The Harvey Weinstein sexual harassment charges have prompted a cavalcade of similar claims against other famous Hollywood moguls, directors, actors and media types, as well as highly placed politicians. The damage settlements reached in many of these entertainment industry cases (made prior to the public “outing”) are astronomical – and should give us pause as to the amounts. For example, Bill O’Reilly paid $32 million to a news analyst whom he alleged sexually harassed – a hefty sum regardless of how despicable the actions may have been in that case. Why so high? Power and position, of course.
In my legal practice, I’ve represented several women who have experienced sexual harassment in the workplace; yet, the damages to these victims were miniscule relative to the high-profile settlements that have recently been shared in the media. The inequity has me wondering – should victims of sexual harassment receive less simply because their harasser is less visible, less “important” or low profile? A woman who is harassed every day on the job by a co-worker at a DIY retail chain, for example, may receive a settlement of $50,000 for damages. Her hourly pay rate in combination with her unskilled job – along with that of her harassing co-worker – are factored into the dollar value of the case. Separately, or together, neither of these employees possess much power in their individual roles; and unless the harassing behavior is store or corporation-wide, individual incidents of harassment don’t bring down a brand.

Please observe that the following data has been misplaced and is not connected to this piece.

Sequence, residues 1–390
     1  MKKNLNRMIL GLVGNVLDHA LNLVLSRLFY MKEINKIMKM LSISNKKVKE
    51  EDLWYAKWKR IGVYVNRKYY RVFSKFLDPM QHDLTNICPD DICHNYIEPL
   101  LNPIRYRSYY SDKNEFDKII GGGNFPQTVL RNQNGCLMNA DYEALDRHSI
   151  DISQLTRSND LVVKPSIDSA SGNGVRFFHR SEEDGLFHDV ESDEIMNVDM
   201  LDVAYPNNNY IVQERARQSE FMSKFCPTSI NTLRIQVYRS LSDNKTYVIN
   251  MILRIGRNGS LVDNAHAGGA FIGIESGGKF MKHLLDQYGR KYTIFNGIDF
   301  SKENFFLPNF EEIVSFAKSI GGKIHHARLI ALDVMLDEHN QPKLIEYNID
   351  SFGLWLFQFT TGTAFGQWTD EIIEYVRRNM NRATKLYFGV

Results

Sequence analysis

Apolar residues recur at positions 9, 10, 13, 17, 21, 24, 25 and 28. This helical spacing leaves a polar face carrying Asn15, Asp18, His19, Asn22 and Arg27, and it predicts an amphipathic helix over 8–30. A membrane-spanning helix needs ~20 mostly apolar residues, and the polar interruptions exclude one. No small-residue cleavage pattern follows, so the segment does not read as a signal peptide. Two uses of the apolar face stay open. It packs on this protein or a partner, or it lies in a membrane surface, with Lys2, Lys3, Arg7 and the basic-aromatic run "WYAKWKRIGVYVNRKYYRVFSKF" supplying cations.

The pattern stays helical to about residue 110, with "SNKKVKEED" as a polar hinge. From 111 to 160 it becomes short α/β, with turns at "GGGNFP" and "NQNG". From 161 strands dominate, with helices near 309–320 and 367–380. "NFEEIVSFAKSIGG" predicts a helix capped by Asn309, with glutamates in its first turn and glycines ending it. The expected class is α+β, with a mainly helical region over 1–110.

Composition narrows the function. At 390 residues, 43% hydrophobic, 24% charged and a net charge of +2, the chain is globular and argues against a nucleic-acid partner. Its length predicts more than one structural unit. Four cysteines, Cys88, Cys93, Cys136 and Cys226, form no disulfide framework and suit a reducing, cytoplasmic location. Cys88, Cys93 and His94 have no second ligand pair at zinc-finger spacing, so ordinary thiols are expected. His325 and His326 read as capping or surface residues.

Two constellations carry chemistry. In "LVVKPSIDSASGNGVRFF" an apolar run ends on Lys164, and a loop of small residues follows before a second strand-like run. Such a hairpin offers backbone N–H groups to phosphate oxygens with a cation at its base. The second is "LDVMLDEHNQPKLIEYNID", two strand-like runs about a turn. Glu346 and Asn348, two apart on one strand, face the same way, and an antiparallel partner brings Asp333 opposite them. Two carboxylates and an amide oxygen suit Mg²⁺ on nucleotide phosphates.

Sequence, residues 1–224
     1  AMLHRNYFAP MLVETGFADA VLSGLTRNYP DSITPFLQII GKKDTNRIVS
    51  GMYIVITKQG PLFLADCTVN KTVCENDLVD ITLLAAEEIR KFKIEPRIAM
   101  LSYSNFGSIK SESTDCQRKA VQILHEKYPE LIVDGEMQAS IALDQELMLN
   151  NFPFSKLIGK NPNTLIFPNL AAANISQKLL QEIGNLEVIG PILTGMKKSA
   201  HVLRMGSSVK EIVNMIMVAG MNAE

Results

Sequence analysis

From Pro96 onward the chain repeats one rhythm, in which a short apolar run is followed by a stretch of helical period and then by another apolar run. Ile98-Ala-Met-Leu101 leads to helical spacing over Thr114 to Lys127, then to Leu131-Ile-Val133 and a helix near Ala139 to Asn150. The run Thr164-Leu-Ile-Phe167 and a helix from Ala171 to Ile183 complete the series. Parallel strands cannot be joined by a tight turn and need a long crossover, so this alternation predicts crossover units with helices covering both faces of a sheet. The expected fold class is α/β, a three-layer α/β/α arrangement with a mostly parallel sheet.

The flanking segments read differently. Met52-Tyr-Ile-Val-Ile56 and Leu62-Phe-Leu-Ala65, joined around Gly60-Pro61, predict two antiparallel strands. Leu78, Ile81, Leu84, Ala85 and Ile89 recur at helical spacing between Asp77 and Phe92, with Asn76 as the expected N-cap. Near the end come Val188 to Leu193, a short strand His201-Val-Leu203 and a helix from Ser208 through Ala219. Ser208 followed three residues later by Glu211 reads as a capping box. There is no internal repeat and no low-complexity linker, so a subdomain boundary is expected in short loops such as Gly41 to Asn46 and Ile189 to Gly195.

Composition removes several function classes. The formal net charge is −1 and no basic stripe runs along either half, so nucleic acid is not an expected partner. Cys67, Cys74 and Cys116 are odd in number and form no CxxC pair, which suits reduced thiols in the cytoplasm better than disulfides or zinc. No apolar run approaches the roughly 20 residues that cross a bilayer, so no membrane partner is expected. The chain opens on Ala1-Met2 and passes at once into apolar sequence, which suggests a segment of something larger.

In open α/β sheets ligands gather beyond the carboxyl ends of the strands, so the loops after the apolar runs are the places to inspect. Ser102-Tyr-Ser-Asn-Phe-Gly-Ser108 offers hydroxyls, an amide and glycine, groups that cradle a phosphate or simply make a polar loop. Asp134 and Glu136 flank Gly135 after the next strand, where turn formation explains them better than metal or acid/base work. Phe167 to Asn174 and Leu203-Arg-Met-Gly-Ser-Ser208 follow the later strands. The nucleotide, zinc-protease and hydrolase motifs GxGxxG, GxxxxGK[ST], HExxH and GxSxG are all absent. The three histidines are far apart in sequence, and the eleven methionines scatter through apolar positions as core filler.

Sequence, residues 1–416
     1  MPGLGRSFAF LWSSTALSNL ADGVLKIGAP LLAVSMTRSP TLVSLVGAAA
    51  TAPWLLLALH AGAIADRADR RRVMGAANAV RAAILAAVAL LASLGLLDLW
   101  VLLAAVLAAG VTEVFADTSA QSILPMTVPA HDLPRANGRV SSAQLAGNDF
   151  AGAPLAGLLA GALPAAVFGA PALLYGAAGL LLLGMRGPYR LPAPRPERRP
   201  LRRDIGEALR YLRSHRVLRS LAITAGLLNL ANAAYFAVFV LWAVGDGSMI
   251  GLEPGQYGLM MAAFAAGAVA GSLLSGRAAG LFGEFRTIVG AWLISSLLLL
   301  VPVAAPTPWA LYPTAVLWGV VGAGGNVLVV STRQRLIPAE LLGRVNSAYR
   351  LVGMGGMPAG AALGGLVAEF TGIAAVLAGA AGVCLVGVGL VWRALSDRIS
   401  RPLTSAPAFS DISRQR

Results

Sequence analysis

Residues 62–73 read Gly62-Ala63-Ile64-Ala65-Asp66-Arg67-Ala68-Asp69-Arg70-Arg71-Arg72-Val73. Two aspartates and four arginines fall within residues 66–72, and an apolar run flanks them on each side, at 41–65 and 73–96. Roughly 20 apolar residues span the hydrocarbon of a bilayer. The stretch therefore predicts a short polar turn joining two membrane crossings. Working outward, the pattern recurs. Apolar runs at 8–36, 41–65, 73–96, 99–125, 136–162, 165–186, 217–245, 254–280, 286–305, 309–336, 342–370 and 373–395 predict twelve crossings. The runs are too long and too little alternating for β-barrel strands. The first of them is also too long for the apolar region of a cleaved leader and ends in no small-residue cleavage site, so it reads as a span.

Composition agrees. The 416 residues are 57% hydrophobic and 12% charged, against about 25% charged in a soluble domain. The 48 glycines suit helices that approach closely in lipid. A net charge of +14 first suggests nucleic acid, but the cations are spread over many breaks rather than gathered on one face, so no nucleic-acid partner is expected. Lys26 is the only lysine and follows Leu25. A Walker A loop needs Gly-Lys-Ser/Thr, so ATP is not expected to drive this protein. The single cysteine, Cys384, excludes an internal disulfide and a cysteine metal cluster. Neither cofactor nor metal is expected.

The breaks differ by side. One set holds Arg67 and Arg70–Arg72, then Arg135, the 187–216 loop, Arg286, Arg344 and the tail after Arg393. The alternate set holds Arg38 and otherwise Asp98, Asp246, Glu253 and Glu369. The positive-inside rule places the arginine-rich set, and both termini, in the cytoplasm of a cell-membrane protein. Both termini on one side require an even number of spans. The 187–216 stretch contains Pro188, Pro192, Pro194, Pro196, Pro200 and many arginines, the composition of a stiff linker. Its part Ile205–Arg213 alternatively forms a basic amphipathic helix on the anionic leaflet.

So, what does that say of the Weinstein situation, or those at Fox or other high-profile entertainment or media companies? It says it’s not about what they’ve done, but who they are. To them, the price tag on power and image is limitless – and those with the authority to protect themselves or their company (there frequently seem to be corporate accomplices in these cases) will go to extreme lengths to do so. The goal with these men is not to compensate the women (or men) for the unacceptable and sometimes criminal behavior they had to endure, but to protect the brand at all costs.
These settlements are typically approached with a high degree of confidentiality, but that may be changing, at least for government employees. As an attorney who has worked defending victims of sexual harassment and other types of workplace abuse for more than 20 years, I believe a shift is coming. Most recently, “me too” legislation was proposed by Sen. Kirsten Gillibrand, D-N.Y. A victim of sexual harassment herself, Senator Gillibrand has proposed an overhaul of the process of filing harassment claims currently governed by the 1995 Congressional Accountability Act.
The most notable change, requiring public disclosure of the employing office when a claim is settled – and disclosure of the amount – may actually discourage settlements and force parties into expensive, protracted litigation. If members of state government are not able to enter into confidential settlements, they would have no incentive to settle these cases and would be forced to exonerate themselves of every allegation to maintain their reputations among constituents. I am not all together sure this is a bad thing. Perhaps, complete transparency is necessary. However, I can assure you that this would create a massive amount of litigation and drive the costs of these suits up considerably.
Meanwhile, requiring public disclosure in the private sector is less likely to occur, keeping large, confidential settlements to victims of sexual harassment by persons of power as the status quo.
November 27, 2017